In addition to performing autokey if necessary, the idle callback also builds the ephemeral graph and callback if it doesn't already exist. A callback on time change kills the graph:
...and then, when the user has alighted on a frame, the next idle cycle triggers the idle callback, setting the current frame to be the stored frame that the eph callback function will use to determine if it should run, and then building the graph again for this new frame. (Building the graph is one of the things that the setManipModes() function does, in addition to setting the manipulation modes for the character's nodes based on the current selection.) Basically it's the same concept as my old system, except it doesn't have to check the scene for some attribute that sets the current pose, and instead just handles it all in code (and all scriptJobs have been replaced by callbacks). It's vastly simpler and less brittle.
This worked great for the ephemeral rig interaction, but when I tried to drive it with a GUI slider it fell apart completely. Turns out that interacting with a GUI slider does not prevent Maya from firing idle callbacks, causing the system to interrupt the users interaction to set keys! This actually makes sense because unlike a manipulator, which interacts directly with Maya’s graph, the slider just executes a command whenever the user changes its value, and there’s no particular reason to assume it would execute those commands fast enough that Maya wouldn’t have time to do idle cycles in-between (and indeed, if you use the Shape Editor or any other built-in slider-based interface in Maya, you will very much see idle cycles happening all the time during manipulation).
With some additional work it would have been possible to get around this. For instance, I could have created the slider in QT and turned the idle callback on and off based on mouse events. But since I already had a whole bunch of machinery set up to have things work correctly when being driven by a transform node for the ephemeral interaction, I decided it was just easier (for this prototype, at any rate) to use the system I already had set up and make the slider an object in the scene.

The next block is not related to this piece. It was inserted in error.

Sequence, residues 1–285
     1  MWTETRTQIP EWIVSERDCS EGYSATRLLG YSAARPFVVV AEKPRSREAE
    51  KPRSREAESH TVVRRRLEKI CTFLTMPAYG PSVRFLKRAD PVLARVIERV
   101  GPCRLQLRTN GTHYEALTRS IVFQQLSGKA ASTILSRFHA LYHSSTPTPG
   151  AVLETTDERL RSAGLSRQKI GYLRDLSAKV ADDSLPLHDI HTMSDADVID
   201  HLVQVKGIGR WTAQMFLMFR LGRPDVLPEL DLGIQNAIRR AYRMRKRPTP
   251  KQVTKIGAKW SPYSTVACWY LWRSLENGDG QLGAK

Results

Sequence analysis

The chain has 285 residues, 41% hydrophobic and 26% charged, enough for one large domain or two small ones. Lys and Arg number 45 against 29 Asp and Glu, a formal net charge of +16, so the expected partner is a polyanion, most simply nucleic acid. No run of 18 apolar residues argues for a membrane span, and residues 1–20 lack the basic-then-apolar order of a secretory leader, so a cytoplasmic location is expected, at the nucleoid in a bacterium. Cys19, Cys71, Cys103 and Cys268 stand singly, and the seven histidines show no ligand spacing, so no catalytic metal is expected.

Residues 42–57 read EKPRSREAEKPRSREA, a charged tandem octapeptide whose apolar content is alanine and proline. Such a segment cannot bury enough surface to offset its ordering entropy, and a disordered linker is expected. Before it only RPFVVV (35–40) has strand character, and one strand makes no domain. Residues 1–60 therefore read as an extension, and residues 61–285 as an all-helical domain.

Building the graph in breakdown mode has a few differences from building it in control mode. Unlike building a control graph, which has a specific point where you can start tracing the graph from (the node the user is manipulating), the breakdown graph does not necessarily have a clear point of entry, or may have multiple points (as it’s possible to breakdown specific nodes while the rest of the body reacts normally). In fact, it's possible to have multiple "islands" in the breakdown graph that do not even relate to each other.
The ephemeral graph building logic turned out to be surprisingly robust here--it’s possible to throw pretty much any set of nodes, connected or otherwise, at the graph, and they’ll organize themselves appropriately and establish which ones should be driving which. The main thing I had to add was a new type of constraint, a “NoConstraint,” so that nodes that do not have any drivers can still operate in the graph. This is never needed when building the control graph, because only the critical path is ever built, ensuring that the only node that does not have an input is the control node being manipulated by the user.
Creating the actual breakdown behavior depended on adding the ability to each node to know what it’s past and future matrices are, in addition to it’s current matrix. Because all the nodes are in world space (or at least in the same space) this wasn’t too difficult, as I can get their “world space” values right off their keyframes. Maya doesn’t usually evaluate the graph on frames other then the current frame, but you can ask it for the whole timeline’s worth of keyframes at any time. This is another big advantage of keeping all the control rig behavior outside the Maya graph--you can treat the actual world space location of each control throughout the shot as known information you can look at at any time, not something that must be evaluated before it can be known.
Here's how I look at the keys associated with a given node and figures out which ones represent the current, past, and future poses from the current time:
Note that this is a bit more complex then just using the findKeyframe command to find next or previous keys, because, since I'm treating them as poses rather then keyframes, the "current pose" may or may not actually be on the current frame.
Finally, a word to the wise: if you ask om2 what a transform node’s rotate values are, it will quite naturally and correctly give you radians, as God intended. But the keyframes? They are probably in degrees, also called the Devil’s Unit. Mark this warning well, lest you be deceived into feeding this unholy unit to a function designed to accept only pure and immaculate radians. It’s extremely confusing.